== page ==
Correct, under no-load conditions, the voltage would be the open-circuit voltage of the higher voltage string which shouldn’t matter because you get no power at that point. What will happen though during operation is that the power vs voltage curve for the array may look a bit odd, and if the MPP voltages of the 2 strings are very different you could even have 2 peaks. The MPPT will find the point where it gets the most power from the combination of the 2 strings, which will most likely not be exactly the MPP for either string but rather somewhere in-between. If the string voltages are very similar as these seem to be, I don’t think it would be a big problem.
So it seems these guys talk about join solar panels up without an MPPT of any kind? When you add an MPPT I assume it gets a little bit more complicated.
If I correctly understood a post from @plonkster on the other forum, “If you put them in parallel and their Vmp is close, then there should be no derating. If Vmp differs between the strings, then the mppt will pick the voltage that makes the best power, which will likely be the lower of the two Vmp values, so one of the strings will suffer a little, but overall you should still see a net increase in power.”
it does seem to indicate the same thing?
Sorry for continuing this, but I would really like to understand it better myself.
A PV module is a constant current source (proportional to the level of light of course). If you put them in parallel, the currents will add up.
But power is the product of current AND voltage. So the voltage at which you make them work is what decides the power.
If you run without an MPPT (or a cheaper PWM controller), they panels all work at the battery voltage. Since this is generally 20% or more below the Vmp of the panel, it doesn’t matter that the panels are dissimilar (just make sure they have the same number of cells, don’t parallel a 36-cell with a 60-cell or a 72-cell!). The currents add up. It works as you would expect.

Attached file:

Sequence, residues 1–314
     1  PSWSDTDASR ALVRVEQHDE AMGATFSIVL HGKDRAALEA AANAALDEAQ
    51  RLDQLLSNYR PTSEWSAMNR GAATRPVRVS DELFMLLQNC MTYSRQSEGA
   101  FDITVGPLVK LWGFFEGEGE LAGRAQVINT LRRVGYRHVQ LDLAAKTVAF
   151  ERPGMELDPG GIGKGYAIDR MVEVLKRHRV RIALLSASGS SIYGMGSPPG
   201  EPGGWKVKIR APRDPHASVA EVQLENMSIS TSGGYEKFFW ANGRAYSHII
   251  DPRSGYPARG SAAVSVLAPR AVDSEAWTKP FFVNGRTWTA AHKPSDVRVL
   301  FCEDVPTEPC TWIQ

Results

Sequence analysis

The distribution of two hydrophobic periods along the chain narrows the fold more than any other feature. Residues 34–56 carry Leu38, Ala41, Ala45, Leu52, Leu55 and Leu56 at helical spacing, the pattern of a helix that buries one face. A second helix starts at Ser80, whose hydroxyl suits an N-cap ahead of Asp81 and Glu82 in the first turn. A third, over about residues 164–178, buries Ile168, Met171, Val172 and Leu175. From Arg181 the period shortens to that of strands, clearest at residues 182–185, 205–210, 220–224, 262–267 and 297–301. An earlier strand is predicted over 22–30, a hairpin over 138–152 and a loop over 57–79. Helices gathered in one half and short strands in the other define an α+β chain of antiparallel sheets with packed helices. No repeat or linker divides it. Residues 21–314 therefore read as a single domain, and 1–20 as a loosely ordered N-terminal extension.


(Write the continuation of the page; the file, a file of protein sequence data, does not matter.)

But when you add an MPPT into the mix… then it searches for the optimum voltage to work at. This will most likely latch onto the lower of the two Vmp ratings (because moving above that voltage will cause a rapid loss in power from half your panels). Because the other half of the panels now run at a sub-optimal lower voltage, they will make less power. But they will still make the same current.
So I understand then, putting them straight on your batteries, in a parallel connection, all the panels will operate at the lowest voltage in the DC system (being that of the batteries, most likely) and move current into the batteries at a rate that is proportional to the sunlight on each of the panels (their amps will add up, but the watts moving into the batteries will be [battery voltage]x[panels’ amps])?
Then adding an MPPT allows the panels in parallel to operate at the voltage of the lowest panel and not of the battery, increasing overall power generated?
So, stupid question, but then at night time, the voltage of the panels will be zero, would you need to disconnect your batteries from them else current will flow out of the batteries to the panels?
Usually people put a diode inline to prevent this happening. Or that is what we did back in the 80s/90s before MPPTs existed and when PWM was still expensive
I have no idea what happens exactly at night. The PV cells themselves are diodes, and they are reverse-biased at night. But I believe they do have a bit of reverse leakage. There’s a whole science to that, not all diodes are completely “electron-tight” in reverse. In fact, Schottkys are known to have leakage… and so do PV cells as far as I know.
Edit: Just wanted to add… obviously at the very least put in a fuse if you’re going “direct to battery”.